Chile's state copper producer Codelco and the country's leading private lithium producer, New York-listed Sociedad Quimica y Minera de Chile (SQM), are thrashing out the details of a memorandum of understanding against an end-of-first quarter deadline to establish a joint venture to produce lithium in northern Chile's Atacama Salt Flat. 

Chile has among the world's largest lithium reserves. Moreover, they are contained in brine rather than rock, making for low production costs. 

Yet, the country has been slow to exploit these resources, due mainly to legal requirements for state-controlled production dating from the 1973-90 Pinochet dictatorship. 

This restriction has been skirted through government-awarded rental contracts to exploit reserves. Yet only two companies currently produce lithium in Chile: SQM and Charlotte, N.C.-based Albemarle Corp.

Two-Stage Joint Venture
The memorandum of understanding agreed in late December envisages two phases:

  • As of January 2025, Coldeco will take over SQM's assets in the Atacama Salt Flat, including its current rental contract, which expires at the end of 2030, and its production facilities. In this first stage, different share series will give SQM control of the operation despite Codelco's stake of 50% plus one share. Codelco will receive earnings corresponding to approximately 20% of the operation's production in this period.

  • As of January 2031, the joint venture will hold a 30-year rental contract on the reserves currently exploited by SQM. This new contract was awarded to Codelco by the government, controversially without a tender. In this stage, the venture will have a single series of shares, and Codelco's stake of 50% plus one share will give it control, with the operation's earnings distributed according to each partner's stake.

Pragmatic Move
For a left-wing government, an alliance with SQM was a surprising decision. SQM has long been tainted by its questioned privatization under the dictatorship when, as a nitrates and iodine producer, it was headed by Julio Ponce, then Pinochet's son-in-law and still a significant shareholder. In the mid-2010s, involvement in a major political financing scandal further damaged the company's reputation.

However, the joint venture fulfills several government objectives:

First, as part of the deal, the government would increase the current production cap on SQM's rental contract by approximately one-third, boosting Chile's lithium output in the short term.

Second, the government's controversial decision to award the rental contract from 2031 directly to Codelco, rather than calling a tender, was to strengthen its negotiating position with SQM. The government justified the decision as ensuring production continuity.

Third, although Codelco will not control the joint venture until 2031, the deal allows President Gabriel Boric to claim fulfillment of an election promise to create a state lithium company to ensure a fairer distribution of the benefits of the country's natural resources. 

Life-Line For Codelco?
Beleaguered by delays on new projects, falling production, and high leverage, Codelco has experienced successive credit ratings downgrades: by Moody's in October, Fitch in November, and S&P in December.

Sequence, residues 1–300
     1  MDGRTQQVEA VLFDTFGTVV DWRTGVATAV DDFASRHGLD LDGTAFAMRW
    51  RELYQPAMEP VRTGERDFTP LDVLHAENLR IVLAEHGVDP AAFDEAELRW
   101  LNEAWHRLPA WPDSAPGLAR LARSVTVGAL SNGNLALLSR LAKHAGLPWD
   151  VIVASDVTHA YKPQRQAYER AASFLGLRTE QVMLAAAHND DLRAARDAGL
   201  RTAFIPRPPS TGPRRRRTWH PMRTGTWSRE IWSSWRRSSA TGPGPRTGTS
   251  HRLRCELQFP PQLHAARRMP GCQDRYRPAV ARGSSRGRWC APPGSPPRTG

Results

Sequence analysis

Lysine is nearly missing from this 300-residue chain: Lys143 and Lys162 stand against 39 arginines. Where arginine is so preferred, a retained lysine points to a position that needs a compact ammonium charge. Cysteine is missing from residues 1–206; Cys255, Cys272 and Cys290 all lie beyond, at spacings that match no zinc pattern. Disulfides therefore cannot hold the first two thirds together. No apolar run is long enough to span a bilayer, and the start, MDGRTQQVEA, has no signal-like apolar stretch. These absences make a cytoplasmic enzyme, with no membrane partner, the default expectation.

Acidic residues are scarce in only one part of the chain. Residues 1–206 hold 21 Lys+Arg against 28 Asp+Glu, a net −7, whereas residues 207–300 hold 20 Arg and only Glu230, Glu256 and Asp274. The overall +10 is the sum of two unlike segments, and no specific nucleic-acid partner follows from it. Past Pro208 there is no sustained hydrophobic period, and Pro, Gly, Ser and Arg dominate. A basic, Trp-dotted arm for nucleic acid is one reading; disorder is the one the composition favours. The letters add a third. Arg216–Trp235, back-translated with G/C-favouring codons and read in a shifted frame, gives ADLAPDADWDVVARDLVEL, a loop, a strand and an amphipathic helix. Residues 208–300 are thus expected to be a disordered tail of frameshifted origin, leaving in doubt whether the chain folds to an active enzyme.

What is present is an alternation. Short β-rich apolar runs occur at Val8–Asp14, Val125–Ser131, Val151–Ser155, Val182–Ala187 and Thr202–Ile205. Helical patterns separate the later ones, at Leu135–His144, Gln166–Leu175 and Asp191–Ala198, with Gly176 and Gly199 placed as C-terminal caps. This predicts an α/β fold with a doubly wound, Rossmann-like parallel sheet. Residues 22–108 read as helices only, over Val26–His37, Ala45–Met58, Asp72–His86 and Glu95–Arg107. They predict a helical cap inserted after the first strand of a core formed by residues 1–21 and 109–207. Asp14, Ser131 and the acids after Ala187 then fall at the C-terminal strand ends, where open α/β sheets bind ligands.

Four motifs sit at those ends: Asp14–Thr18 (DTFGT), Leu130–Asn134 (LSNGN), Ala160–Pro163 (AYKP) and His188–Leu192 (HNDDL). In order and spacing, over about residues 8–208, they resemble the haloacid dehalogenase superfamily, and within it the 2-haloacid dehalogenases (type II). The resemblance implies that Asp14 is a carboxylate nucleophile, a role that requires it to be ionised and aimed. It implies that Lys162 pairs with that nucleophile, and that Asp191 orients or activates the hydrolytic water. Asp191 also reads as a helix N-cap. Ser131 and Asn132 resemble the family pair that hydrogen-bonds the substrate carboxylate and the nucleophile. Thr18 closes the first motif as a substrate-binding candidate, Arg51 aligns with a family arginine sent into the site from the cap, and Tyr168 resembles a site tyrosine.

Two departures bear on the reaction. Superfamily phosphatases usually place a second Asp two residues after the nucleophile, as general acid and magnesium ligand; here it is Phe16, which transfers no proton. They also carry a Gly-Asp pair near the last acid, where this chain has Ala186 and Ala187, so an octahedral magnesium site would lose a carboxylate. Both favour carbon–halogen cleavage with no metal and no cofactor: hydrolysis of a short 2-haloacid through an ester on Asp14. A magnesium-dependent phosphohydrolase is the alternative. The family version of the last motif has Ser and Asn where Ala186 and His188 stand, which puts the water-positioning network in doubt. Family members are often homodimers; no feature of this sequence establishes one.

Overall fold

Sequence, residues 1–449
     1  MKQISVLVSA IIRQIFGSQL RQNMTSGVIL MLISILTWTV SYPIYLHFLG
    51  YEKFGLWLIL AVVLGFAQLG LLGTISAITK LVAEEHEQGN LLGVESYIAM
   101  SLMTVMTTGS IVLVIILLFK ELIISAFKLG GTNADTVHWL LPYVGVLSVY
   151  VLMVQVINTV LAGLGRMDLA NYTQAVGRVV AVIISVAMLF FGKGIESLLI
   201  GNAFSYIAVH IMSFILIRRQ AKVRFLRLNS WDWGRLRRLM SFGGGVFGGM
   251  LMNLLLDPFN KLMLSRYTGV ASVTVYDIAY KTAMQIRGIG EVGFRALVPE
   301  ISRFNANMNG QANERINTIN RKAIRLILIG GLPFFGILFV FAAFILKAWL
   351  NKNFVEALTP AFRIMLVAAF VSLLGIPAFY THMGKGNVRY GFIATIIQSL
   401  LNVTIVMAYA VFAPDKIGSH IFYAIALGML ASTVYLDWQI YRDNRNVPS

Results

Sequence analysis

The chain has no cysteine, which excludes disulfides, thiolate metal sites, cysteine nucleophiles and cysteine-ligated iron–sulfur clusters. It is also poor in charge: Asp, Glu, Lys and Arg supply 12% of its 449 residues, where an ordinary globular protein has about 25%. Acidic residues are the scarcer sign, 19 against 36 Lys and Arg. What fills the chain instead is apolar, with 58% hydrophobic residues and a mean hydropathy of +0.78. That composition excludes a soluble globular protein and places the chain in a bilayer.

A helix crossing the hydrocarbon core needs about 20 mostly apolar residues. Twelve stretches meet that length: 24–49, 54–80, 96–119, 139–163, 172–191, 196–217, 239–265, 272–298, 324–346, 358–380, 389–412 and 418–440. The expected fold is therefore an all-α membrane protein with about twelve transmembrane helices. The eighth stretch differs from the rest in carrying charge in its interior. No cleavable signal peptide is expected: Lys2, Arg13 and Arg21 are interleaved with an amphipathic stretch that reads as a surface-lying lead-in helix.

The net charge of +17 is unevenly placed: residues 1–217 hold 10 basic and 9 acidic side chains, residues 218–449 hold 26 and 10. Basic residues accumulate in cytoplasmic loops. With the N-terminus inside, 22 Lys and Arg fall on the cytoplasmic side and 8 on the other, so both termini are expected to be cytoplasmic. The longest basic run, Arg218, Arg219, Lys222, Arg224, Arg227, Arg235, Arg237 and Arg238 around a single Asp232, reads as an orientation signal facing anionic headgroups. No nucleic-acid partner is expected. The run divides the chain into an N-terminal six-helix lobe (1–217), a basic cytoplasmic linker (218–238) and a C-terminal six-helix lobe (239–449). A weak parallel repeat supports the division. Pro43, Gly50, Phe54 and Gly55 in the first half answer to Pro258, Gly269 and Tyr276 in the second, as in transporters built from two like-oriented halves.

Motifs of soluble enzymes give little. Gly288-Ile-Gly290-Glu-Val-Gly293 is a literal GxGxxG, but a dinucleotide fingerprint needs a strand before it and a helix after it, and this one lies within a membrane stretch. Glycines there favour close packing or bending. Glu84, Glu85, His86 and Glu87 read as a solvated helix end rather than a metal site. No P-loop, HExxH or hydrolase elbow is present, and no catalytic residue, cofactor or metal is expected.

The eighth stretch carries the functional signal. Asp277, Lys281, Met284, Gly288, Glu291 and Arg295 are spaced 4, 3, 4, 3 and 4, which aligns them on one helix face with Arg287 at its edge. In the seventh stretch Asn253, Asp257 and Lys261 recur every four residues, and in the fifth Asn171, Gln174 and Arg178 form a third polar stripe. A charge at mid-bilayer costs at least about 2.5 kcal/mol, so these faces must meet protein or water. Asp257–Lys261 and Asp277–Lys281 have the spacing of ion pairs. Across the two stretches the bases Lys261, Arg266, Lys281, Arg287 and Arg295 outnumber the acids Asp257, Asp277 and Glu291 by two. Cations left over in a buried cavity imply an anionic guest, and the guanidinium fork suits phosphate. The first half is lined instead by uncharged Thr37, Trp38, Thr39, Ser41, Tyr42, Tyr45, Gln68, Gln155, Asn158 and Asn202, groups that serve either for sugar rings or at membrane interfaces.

In this context, the joint venture promises much-needed fresh income. During the first stage, Codelco will not be expected to contribute investment financing.

However, the impact on its financial situation will depend on whether it can retain these earnings, for which, as a state company, it requires specific government authorization. The Boric administration has authorized it to reinvest an average of 30% of profits in 2021-24, but historically, governments have tended to appropriate all or most of Codelco's earnings for fiscal spending.

Impact On SQM
From nitrates and iodine, SQM has gradually shifted into lithium, which accounted for 76% of its sales in 2022, up from 21% in 2020. 

The company, in which China's Tianqi Lithium Corp., the dominant global producer, holds some 22%, estimates that in 2022, it accounted for 20% of global lithium chemicals sales volume.

Although SQM will lose control of this crucial part of its business from 2031 to Codelco, rendering the operation more exposed to political—rather than technical and economic—decisions, it also stands to gain from the deal:

  • The agreement removes uncertainty about SQM's future in the key Atacama Salt Flat, where it had no guarantee of remaining after its rental contract expired in 2030.

  • In 2025-30, the likely increase in SQM's production cap would more than compensate it for Codelco's share in the operation's earnings, and, as of 2031, the operation promises a steady long-term source of income.

Fiscal Revenues
Government revenue from lithium currently takes two forms: rent paid by SQM and Albemarle and corporate and mining taxes. In 2022, a year of record lithium prices, they amounted to $3.1 billion and $1.9 billion, respectively, according to the Autonomous Fiscal Council, an independent government advisory body.

Together, they represented 1.6% of GDP and 6.4% of total fiscal revenue, exceeding the $4.5 billion in taxes paid by the country's largest copper mining companies.

Preliminary figures suggest that rental payments reached nearly $4 billion in 2023, although tax revenue may have dropped in line with lower lithium prices. From 2025, fiscal revenue would, depending on prices and the peso-US dollar exchange rate, be boosted by the increase in production and Codelco's share of the joint venture's earnings. 

This would be particularly welcome to the government, given its failure so far to obtain approval from Congress for a tax reform to increase revenues.